So if all these do not cause inertia and sickness of news, what else does?

Tuesday, 27 September 2011






Wednesday, 14 September 2011

Next Steps

Nearly four months have passed since I re-started working after completing a year of historical study. As I settle in, I can't help contemplating what the next steps should be.

For many years there has always been a long list of plans and projects in my mind, although very few of them, unfortunately, could ever become reality. Long-term priorities are yet on another list of the must-dos.

Despite all the setbacks, challenges and frustrations over the past few years, at least there is one thing for which I should be grateful - alarming signals reminding me to re-evaluate and re-define what my priorities should be. I am even more grateful that I had an opportunity to take a meaningful and rewarding break, during which I could sort out my thoughts and get better prepared for the days and years ahead.

Although the workload during the peak season in the next couple of weeks and months remains uncertain, it seems more manageable than what I used to have. If this were truly how things turn out, then it should not be too much of aggression to pursue the next goal on the priority list. When it comes to a commitment of six to eight years in a row, however, I still think I'm not confident and resolute enough to say yes at this point of time. For some reason I have very little confidence in my preparations so far. Despite all the time and effort spent on the research, I have absolutely no idea whether my proposal is going to sell. Worse still, I have yet to figure out how it can be improved. Perhaps I just need to be a bit more patient to see what is going to happen in the next couple of weeks and months before making up my mind. Perhaps all I need, after all, is just an irresistible trigger just like what I had two years ago.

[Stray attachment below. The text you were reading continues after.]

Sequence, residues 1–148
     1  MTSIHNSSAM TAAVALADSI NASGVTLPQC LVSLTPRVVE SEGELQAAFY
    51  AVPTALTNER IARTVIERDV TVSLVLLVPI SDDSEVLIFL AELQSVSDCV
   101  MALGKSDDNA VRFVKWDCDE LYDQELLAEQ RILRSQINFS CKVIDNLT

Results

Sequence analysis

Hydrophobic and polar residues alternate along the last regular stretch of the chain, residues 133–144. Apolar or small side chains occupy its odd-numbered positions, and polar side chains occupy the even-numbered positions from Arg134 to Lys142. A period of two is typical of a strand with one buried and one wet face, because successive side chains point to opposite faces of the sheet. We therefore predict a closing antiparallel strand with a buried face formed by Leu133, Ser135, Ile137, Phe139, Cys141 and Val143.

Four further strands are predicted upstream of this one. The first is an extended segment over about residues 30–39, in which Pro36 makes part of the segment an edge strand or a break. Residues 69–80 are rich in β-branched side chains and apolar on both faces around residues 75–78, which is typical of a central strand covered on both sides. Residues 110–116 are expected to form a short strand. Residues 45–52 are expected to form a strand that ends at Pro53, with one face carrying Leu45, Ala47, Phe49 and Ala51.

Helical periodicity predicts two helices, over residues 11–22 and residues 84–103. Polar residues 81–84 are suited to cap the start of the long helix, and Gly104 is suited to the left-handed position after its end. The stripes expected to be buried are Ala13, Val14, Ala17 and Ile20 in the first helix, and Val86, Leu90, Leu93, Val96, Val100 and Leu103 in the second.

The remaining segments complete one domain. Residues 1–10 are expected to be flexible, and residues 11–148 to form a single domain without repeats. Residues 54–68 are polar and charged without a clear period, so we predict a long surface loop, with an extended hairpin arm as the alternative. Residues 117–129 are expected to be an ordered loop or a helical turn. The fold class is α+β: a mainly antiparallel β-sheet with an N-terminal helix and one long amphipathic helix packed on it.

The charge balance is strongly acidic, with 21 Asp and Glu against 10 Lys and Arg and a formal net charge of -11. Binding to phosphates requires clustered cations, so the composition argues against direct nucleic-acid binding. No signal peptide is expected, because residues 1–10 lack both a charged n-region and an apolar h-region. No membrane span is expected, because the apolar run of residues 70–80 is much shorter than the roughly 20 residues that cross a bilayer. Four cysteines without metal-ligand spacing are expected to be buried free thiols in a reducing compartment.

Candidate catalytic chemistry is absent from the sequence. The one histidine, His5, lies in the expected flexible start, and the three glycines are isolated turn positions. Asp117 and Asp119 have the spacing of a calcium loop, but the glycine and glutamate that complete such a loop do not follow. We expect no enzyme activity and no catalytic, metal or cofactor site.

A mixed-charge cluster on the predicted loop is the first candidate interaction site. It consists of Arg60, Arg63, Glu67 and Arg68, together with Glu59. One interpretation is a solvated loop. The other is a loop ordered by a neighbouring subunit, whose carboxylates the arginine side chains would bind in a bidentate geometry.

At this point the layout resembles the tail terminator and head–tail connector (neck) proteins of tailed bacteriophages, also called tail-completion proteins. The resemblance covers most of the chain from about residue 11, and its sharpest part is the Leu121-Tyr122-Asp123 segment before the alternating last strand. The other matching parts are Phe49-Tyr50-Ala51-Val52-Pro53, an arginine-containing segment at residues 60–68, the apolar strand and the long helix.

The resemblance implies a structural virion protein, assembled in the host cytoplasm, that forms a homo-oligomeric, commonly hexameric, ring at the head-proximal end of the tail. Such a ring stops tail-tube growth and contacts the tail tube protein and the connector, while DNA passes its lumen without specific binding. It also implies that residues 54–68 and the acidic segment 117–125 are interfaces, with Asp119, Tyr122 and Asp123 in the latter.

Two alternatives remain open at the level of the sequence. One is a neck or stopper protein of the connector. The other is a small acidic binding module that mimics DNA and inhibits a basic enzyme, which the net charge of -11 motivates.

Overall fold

But most recently there emerges another warning from within. Over the past few days I found myself extremely tired and therefore hard to concentrate, as if the brain has gone on strike. No matter how much or how little I slept, I still felt far from being fully recovered. I'm not sure if it happens because I have driven myself a bit too hard in jogging over the past three weeks. I'm not sure either if it has anything to do with other hidden causes. Physical fitness and mental power are now very important to me, not just for my overall well-being but also determinant to whether the next goal could ever be accomplished. At the same time, I must admit that I do enjoy the recent carefree status. Spending time on no-brainers such as working out, going to the cinema, meeting friends and even blogging at home is genuinely soothing and comforting. It seems questionable whether I'm now physically and mentally fit enough to take up the next challenge that is going to drag on for six to eight years.